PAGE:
To ask the Secretary of State for Transport, with reference to the National Bus Strategy, what cost-benefit analysis his Department has undertaken on the value of (a) bus franchising and (b) enhanced partnerships.

The cost and benefits of franchising and enhanced partnerships vary by authority. The Bus Services Act 2017 Impact Assessment details cost benefit analysis of illustrative scenarios.

It is for Mayoral Combined Authorities and other local transport authorities on a case-by-case basis to decide whether to pursue franchising or an enhanced partnership.

The franchising legislation specifically requires a franchising assessment business case, which considers the costs and benefits of franchising, to be prepared by the authority.

Rachel Maclean
Parliamentary Under-Secretary (Home Office)
12th Apr 2021
To ask the Secretary of State for Transport, when he plans to publish the outcomes of the Williams Rail Review.

The government intends on publishing a White Paper with details of its plans for rail reform soon.

Chris Heaton-Harris
Minister of State (Department for Transport)
12th Apr 2021
To ask the Secretary of State for Transport, whether he has plans to bring forward legislative proposals to amend the provisions of the Bus Services Act 2017.

The Bus Services Act 2017 prevents further local authority-owned bus companies being set up from scratch, and the National Bus Strategy commits that we will review whether that remains right.

If the review concludes it should be changed, a legislative proposal will be brought forward in due course. We will also update our existing guidance on using the Enhanced Partnership and franchising powers in the Act, to make it easier for operators and local transport authorities to focus on what they want to achieve.

Rachel Maclean
Parliamentary Under-Secretary (Home Office)
12th Apr 2021
To ask the Secretary of State for Transport, what plans he has to make funding for buses available beyond the £3 billion worth of funding set out in the National Bus Strategy.

The National Bus Strategy announced £3 billion of transformational and long-term funding for buses.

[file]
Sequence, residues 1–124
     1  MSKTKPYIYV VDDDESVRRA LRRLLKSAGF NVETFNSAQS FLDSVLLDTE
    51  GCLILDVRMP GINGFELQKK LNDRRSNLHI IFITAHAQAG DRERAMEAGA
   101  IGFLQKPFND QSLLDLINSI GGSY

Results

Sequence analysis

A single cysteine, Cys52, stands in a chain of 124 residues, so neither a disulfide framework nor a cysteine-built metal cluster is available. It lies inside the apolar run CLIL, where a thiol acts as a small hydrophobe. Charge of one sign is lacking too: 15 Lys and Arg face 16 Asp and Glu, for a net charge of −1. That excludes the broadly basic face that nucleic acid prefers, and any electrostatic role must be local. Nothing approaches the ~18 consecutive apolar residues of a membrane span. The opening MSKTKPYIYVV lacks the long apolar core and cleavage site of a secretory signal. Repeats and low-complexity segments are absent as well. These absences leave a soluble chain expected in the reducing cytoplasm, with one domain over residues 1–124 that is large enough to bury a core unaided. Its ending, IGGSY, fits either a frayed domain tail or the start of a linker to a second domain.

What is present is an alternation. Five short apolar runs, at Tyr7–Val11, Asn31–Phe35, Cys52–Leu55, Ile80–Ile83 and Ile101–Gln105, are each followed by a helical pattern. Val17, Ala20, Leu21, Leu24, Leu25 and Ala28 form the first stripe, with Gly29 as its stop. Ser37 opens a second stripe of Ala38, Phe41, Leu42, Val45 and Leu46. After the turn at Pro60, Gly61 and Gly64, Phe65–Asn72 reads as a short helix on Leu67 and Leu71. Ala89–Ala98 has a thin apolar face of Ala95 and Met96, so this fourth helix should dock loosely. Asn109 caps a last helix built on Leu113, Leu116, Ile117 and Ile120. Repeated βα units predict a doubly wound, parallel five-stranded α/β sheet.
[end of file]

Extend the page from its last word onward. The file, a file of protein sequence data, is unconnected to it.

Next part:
In addition, the Government currently provides up to £27 million a week to support bus services through the COVID-19 Bus Services Support Grant scheme and the ongoing Bus Service Operator Grant which is worth approximately £260 million each year. The Government also supports council spending of around £1 billion a year on concessionary travel.

Rachel Maclean
Parliamentary Under-Secretary (Home Office)
12th Apr 2021
To ask the Secretary of State for Transport, whether the funding identified in the National Bus Strategy is dependant on a local transport authority committing to either a franchise or an enhanced partnership arrangement for the provision of their bus services.

The National Bus Strategy, published on 15 March, sets an expectation that by 30 June, Local Transport Authorities (LTAs) and their local bus operators have committed to establishing an Enhanced Partnership or the LTA has started the statutory process of franchising bus services.

From 1 July 2021, only LTAs and operators who meet these requirements will continue to receive the Covid-19 Bus Services Support Grant or any new sources of bus funding. From April 2022, LTAs will need to have an Enhanced Partnership in place, or be following the statutory process to decide whether to implement a franchising scheme, in order to receive the new discretionary schemes of bus funding.